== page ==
American readers may be surprised that we in NZ have been able to insure against earthquake damage. But all insurance comes with fine print.
When we decided to buy a house back in 2005, insurance was one of the first things on our minds; we wanted a place near the beach and tsunami risks were salient. After a lengthy phone call with our home contents insurer, AMI, we found that while full replacement cover would cover the rebuilding of our house in case of disaster, it wouldn't cover us were the land itself to disappear. The buildings are insured, but the land itself is not. AMI would build us a house of similar size and quality were the Brighton and SouthShore spit to disappear, but we'd have to buy the land on which to build it.
We consequently consulted with a geologist about the best spot to buy conditional on wanting to be near the beach; she warned us against being too close to the Estuary as a substantial tsunami risk came from the backwash after the initial wave. She circled the general neighbourhood that seemed least risky. So we bought our place on about a meter and a half rise from the road and protected from the Estuary by a park and school on the other side of the road; we comforted ourselves with that if anything serious enough to wash away the sand spit on which we live ever happened, the government wouldn't be able to constrain itself against bailing out folks who lost their land.
And now the worst's happened, but not for us. We're in the green zone where houses are damaged but the ground is fine. I have no clue how long it will take for the Earthquake Commission (who cover the first $100k damage to the house) and AMI (who will cover damage to the fences, pool, sidewalk and drive) to assess the damage and provide a quote, but eventually the house ought to be made right.
The government is, as expected, bailing out folks whose land can't be salvaged by providing two options. The government will either buy out the property at its 2007 assessed value (the last property tax assessment), or will buy out the land and let the owner deal with the insurance company for the house. Honestly, if somebody offered me the 2007 value of our house right now, I'd be tempted even though I hate moving and love our house; property values have dropped since then. There are more than a few folks who have wound up in a bit of a bad spot though: while the government has declared their land as non-remediable, their insurers say the house is repairable and so will only pay enough to cover repair rather than rebuilding costs. They could take Option 1, but that may not be sufficient to rebuild or buy elsewhere; if assessed section value is low relative to capital improvements, Option 2 can be a problem.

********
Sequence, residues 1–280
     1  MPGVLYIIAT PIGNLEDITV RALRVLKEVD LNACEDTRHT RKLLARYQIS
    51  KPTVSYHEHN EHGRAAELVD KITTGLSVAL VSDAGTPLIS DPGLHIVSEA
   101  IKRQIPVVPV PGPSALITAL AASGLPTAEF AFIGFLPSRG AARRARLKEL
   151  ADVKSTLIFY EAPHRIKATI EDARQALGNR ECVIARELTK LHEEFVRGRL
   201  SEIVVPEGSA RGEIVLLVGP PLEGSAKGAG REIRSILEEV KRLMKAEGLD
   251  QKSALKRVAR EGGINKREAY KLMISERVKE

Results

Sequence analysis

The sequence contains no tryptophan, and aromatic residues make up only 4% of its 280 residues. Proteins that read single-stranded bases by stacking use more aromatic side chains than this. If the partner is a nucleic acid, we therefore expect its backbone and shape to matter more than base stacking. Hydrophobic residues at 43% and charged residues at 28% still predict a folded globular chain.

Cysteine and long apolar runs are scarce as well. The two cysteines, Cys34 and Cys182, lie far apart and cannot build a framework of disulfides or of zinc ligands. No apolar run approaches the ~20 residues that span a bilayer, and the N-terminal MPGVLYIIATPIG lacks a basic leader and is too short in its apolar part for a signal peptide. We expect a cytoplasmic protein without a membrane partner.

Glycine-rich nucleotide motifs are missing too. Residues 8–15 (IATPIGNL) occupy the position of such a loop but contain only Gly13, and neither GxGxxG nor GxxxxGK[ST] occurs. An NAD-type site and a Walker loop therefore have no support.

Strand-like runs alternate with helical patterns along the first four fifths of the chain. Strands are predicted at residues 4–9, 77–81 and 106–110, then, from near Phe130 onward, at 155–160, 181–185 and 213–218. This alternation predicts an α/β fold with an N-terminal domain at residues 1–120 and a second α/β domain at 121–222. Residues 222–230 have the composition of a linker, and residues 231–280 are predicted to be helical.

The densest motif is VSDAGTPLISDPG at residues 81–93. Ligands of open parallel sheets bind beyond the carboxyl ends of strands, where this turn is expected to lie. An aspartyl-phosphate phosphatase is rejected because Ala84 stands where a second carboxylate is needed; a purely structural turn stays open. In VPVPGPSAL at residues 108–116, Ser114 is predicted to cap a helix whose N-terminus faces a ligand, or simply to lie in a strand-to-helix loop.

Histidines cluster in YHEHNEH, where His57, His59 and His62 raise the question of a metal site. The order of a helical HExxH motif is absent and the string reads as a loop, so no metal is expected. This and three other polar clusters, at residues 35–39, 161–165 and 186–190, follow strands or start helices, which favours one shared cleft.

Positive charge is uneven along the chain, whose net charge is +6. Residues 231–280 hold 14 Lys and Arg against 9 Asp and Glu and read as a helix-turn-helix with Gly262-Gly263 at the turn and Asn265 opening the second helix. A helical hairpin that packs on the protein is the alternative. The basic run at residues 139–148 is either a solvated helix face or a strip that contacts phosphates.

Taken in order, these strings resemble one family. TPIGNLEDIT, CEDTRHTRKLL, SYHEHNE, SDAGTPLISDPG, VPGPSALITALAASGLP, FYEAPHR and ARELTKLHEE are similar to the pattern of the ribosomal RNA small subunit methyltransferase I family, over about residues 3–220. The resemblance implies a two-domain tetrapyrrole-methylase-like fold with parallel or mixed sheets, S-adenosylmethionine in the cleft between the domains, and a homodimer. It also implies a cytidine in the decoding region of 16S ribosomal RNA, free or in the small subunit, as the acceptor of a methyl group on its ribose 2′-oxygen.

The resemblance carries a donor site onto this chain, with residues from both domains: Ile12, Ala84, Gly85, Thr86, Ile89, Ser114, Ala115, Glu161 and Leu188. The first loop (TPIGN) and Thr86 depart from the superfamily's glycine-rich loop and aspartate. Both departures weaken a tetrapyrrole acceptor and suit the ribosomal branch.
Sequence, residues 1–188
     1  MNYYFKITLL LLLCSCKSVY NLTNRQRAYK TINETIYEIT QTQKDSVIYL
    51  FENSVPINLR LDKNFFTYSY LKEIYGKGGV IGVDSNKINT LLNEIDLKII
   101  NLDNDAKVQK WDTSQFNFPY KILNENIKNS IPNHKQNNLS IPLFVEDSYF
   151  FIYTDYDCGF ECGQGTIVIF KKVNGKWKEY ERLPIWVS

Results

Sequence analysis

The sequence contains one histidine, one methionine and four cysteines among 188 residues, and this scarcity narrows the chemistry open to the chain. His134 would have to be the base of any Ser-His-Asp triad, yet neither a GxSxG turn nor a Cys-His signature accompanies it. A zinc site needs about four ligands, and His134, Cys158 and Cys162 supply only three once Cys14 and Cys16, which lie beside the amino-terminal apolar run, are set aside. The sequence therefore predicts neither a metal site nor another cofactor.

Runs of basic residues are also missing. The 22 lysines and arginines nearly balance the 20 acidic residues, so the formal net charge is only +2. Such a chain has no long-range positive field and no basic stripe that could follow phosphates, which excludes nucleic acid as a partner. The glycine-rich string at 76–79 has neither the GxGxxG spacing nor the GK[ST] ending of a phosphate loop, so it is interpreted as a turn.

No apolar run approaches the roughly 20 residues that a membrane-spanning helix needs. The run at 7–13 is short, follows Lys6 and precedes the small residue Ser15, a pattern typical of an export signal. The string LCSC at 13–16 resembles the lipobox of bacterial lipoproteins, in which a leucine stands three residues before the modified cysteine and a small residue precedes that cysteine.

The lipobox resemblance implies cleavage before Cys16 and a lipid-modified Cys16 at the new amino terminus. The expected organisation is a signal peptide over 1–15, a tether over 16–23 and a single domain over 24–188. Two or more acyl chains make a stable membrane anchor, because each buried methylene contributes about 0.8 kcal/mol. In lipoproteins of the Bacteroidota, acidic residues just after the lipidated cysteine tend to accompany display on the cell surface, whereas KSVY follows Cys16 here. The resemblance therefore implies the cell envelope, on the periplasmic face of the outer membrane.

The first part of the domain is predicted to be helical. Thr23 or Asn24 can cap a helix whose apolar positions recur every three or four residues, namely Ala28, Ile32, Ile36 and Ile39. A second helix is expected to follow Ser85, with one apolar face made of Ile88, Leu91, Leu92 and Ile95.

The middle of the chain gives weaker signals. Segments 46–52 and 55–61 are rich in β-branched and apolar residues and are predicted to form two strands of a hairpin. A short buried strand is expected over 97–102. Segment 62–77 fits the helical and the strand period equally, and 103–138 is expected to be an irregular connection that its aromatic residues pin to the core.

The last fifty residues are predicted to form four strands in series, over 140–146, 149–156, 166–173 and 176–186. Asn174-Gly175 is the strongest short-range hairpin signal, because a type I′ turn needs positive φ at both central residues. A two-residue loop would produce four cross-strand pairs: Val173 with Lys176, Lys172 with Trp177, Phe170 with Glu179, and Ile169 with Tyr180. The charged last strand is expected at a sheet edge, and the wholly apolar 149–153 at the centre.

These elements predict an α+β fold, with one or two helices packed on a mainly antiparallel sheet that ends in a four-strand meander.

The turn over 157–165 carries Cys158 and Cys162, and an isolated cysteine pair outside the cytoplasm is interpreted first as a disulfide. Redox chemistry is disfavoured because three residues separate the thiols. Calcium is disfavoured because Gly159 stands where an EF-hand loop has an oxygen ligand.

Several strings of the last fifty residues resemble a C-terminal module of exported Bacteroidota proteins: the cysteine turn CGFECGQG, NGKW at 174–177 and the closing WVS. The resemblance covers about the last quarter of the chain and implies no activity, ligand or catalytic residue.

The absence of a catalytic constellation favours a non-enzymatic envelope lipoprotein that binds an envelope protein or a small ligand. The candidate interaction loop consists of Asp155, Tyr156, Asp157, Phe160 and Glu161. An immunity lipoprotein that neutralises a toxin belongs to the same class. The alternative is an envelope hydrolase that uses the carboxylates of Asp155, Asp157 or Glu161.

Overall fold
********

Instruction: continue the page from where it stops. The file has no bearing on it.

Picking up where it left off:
We'd always figured that, worst come to worst, we'd suffer uninsured losses on the section.
In other insurance news, the national government has become the insurer for quake-affected city councils; insurers aren't keen on providing coverage where the risks are as high as here. I wonder whether some kind of conditional bond issue could work. The government could put out a bond issue that would see the principal value of the bond cut in response to specified events, then auction off the bonds on the international market. It wouldn't be a cheap way of insuring, but it would be interesting to see how the markets would price those risks. How much would you pay for a New Zealand bond promising $100 in three years if no further earthquakes of magnitude 6.0 or up in Christchurch, but whose face value would drop $5 for each tenth of a point on the Richter Scale above 6 for any further events?